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We're calling it May's deal because it is the deal May brought back from Brussels for ratification by Parliament. Pretty much everyone else has disowned it.

The first referendum on EU membership was held in 1975 and Remain won by 67-33%.

The second  referendum on EU membership was held in 2016 and Leave won by 52-48% on the basis that they were promised they could "have their cake and eat it" and that negotiating new and advantageous trade terms with the EU would be "the easiest deal in history".

We now have the reality of "May's deal" which almost no one seems to want. It is even more unpopular than "no deal" and both, combined, are now less popular than Remain.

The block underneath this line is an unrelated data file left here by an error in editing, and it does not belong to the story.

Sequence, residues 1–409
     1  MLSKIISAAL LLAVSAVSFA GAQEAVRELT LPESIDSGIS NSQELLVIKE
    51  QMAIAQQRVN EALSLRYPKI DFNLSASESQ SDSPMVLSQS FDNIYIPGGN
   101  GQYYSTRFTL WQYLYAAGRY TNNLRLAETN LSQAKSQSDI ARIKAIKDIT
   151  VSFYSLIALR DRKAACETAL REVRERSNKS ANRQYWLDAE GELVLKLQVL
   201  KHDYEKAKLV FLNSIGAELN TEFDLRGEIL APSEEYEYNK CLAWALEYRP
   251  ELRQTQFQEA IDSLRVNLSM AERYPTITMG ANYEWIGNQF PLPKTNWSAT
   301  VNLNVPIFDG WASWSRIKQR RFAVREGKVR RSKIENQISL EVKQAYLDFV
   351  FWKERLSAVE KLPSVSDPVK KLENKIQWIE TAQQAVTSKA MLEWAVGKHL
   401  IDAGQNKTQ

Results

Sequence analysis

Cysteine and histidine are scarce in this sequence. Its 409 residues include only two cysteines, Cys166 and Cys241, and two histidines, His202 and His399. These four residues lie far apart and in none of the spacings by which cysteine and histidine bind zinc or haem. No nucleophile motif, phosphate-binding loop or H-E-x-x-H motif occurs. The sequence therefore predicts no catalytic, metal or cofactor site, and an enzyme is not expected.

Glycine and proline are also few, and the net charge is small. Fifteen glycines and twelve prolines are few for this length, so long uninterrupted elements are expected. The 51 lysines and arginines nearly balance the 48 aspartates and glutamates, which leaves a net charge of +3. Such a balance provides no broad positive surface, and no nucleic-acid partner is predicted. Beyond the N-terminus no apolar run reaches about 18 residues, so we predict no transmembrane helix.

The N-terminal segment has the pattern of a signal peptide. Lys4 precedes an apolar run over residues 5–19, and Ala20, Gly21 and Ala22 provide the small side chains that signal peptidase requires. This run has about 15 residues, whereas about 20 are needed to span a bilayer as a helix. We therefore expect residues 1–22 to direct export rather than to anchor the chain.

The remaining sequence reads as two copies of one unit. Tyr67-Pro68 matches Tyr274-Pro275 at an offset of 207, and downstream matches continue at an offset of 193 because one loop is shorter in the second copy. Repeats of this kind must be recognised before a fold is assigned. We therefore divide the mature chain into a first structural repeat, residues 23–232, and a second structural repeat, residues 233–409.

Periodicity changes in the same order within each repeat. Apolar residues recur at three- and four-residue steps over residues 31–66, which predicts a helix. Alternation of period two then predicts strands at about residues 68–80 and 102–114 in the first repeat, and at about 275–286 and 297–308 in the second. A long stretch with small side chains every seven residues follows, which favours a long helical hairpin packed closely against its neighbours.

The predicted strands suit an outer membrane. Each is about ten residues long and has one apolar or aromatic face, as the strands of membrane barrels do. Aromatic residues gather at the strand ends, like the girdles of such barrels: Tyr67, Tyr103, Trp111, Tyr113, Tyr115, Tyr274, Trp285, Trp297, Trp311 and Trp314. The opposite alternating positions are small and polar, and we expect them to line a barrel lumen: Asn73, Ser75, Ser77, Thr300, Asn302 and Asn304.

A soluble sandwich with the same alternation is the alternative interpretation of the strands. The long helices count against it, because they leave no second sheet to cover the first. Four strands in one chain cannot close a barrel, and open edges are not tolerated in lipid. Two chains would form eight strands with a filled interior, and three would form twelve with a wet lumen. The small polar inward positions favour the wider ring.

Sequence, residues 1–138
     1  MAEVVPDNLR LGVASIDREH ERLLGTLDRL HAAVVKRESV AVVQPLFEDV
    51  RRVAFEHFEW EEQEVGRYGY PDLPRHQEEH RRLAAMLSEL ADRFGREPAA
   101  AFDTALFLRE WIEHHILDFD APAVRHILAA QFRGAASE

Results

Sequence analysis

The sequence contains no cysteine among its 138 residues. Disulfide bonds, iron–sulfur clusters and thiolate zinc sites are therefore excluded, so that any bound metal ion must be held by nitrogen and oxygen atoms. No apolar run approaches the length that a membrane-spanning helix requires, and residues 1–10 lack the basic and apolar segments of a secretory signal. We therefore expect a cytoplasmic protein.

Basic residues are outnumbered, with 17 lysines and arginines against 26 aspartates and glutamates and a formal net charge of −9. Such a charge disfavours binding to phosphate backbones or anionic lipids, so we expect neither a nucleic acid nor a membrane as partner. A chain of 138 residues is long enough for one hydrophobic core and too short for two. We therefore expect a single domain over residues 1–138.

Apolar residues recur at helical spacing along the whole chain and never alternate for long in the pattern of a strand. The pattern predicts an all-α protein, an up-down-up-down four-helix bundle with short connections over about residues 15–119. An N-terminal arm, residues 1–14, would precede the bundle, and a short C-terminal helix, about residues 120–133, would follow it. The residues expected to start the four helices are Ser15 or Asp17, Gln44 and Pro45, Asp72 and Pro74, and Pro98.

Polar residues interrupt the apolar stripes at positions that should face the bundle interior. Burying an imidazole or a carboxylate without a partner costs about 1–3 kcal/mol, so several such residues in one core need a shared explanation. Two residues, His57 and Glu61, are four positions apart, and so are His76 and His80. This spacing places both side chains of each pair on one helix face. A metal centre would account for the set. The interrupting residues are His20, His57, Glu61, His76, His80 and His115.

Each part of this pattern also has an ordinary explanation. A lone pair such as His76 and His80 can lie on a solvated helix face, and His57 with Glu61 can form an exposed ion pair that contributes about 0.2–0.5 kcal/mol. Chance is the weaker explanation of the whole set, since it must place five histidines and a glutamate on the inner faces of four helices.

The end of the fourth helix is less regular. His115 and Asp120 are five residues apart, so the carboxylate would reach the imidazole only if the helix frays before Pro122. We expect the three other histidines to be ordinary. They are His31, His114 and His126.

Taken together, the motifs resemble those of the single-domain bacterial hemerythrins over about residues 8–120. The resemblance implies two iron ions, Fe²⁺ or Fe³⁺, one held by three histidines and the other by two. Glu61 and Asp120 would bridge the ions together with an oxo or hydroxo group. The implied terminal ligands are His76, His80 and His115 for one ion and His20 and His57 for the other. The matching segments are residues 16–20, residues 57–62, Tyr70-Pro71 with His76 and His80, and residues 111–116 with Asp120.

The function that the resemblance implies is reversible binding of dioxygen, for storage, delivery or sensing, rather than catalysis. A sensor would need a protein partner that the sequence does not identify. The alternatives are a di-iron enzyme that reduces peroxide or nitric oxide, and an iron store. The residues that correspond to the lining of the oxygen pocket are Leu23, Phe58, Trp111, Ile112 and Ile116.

So the argument for a third referendum is that the people need to decide do they want May's deal, No deal, or Remain. There is no Brexit which matches the expectations raised by the second referendum, and Parliament cannot decide what to do next.

The argument against a third referendum is that the people decided to Leave, and if Parliament can't agree on May's deal then No deal is the default (and correct) outcome.

But no one told voters in 2016 (or 2017) that that would be the form Brexit would take. No government actually has a mandate for that outcome. So either a general election or a third referendum (or both) is required to break the impasse.

Index of Frank's Diaries

by Frank Schnittger (mail Frankschnittger at hot male dotty communists) on Sun Jan 13th, 2019 at 07:44:04 PM EST
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